America’s public health establishment, including big nonprofit organizations and many academics, is playing a shameful role in fighting our nation’s most important health scourge: cigarette smoking. Without exception, our health leaders have proven reluctant to help smokers quit; although three-quarters of smokers wish to do so, only one in twenty succeed in any given year.
The recent publication of the ONS reports on Adult Smoking Habits in Great Britain and the Integrated Household Survey results for 2013 brings welcome news on smoking. Adult smoking rates are at their lowest ever, below 19% based on the Integrated Household Survey, and rates are falling across all age groups according to the Opinions and Lifestyle Survey (figure).
A major characteristic of the e-cigarette market is the availability of a large number of different flavoured e-liquids. This causes concern for some policy makers who worry that certain flavours may be specifically targeted at young people and that ultimately this could lead to young people taking up e-cigarettes and then going on to smoke actual cigarettes.
A new report in the International Journal of Research and Public Health assessed e-cigarette vapor for the presence of toxins and mutagens. Researchers used various well-characterized assays, including one for genotoxicity and mutagenicity (adverse impacts on genes and mutations) known as the Ames test, invented by long-time ACSH friend, Dr. Bruce Ames.
The New York Times has added more fuel to the anti-tobacco-harm-reduction fire with a December 4 editorial (here) rehashing the somewhat slanted reporting that appeared in the paper’s news pages on November 30.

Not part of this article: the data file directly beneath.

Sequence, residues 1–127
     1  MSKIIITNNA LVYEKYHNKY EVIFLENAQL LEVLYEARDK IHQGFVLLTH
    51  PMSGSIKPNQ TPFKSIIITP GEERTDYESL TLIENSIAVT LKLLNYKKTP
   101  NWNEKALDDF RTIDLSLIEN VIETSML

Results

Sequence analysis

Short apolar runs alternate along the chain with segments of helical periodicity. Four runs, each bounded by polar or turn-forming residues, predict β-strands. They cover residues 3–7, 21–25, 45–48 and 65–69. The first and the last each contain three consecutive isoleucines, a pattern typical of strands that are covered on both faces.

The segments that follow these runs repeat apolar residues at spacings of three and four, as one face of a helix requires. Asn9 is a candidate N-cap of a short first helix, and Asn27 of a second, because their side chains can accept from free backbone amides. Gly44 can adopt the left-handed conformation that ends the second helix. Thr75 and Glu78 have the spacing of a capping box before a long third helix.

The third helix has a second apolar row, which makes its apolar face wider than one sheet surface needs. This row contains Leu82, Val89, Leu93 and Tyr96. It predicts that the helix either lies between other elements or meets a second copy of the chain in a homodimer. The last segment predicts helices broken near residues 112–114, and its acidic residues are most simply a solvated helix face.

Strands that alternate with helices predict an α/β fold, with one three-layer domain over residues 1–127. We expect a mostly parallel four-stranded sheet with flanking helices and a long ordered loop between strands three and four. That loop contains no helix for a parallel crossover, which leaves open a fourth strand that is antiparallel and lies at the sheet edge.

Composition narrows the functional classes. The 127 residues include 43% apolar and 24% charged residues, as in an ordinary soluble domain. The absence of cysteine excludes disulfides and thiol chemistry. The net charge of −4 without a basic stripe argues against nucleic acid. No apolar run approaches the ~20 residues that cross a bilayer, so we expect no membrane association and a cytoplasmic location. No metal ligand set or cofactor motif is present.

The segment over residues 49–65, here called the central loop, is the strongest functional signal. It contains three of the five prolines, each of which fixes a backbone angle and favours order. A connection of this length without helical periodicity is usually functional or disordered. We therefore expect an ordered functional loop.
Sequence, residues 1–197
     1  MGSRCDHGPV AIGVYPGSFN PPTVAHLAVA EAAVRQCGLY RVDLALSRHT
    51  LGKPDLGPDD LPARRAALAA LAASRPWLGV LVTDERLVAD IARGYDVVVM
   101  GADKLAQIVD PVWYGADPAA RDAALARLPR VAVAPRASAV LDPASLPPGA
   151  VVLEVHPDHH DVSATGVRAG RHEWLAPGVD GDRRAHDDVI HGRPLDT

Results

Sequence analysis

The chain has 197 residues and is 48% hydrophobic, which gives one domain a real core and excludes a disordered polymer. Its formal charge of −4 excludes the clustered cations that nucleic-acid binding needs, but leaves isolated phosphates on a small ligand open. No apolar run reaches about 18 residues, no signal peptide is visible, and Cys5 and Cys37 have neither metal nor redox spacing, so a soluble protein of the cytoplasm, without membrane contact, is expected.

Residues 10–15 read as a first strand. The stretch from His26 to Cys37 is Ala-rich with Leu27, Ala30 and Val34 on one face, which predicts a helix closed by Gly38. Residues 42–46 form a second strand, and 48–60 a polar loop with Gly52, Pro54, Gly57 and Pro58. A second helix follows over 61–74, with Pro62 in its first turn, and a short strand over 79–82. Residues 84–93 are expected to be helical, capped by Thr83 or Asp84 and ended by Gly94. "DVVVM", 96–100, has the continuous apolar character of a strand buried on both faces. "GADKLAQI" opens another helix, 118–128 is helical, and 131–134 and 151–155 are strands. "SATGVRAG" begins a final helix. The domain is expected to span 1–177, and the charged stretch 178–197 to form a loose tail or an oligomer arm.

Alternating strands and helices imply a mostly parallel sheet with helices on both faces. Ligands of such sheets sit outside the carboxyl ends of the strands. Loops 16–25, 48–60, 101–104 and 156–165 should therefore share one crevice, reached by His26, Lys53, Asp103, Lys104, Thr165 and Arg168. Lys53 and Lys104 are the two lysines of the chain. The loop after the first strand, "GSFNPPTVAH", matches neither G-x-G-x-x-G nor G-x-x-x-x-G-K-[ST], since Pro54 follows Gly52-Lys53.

More great commentary from Puddlecote Towers!
To begin with a parish notice, the tumbleweed blowing around this corner of the internet recently has mostly been a result of pressure of work. I’m still mired in submitting for new business while also suffering the added complication of a sustained period of unusually heavy staff shortages which is shoving me out on the road on a regular basis.
Health Minister Stephen Mandel wants to butt out Alberta Health Service’s plan to fund an electronic cigarette study in Calgary.
AHS and the city of Calgary planned to split the $25,000 cost of a public consultation survey, the second phase of a study on the use of e-cigarettes and their potential impact on the community.
But in the legislature Wednesday, Mandel said it’s not an appropriate use of money by the superboard.
These legislative proposals build on Scottish Government’s existing approach to tobacco control. The proposals on e-cigarettes seek to balance the potential benefits of e-cigarettes to current smokers while protecting non-smokers, particularly young people, from the promotion of smoking behaviours. They aim to reduce access and availability of these products to young people under the age of 18. The proposal relating to smoking in cars seeks to build on previous legislation by protecting young people under the age of 18 from exposure to second-hand smoke in enclosed spaces.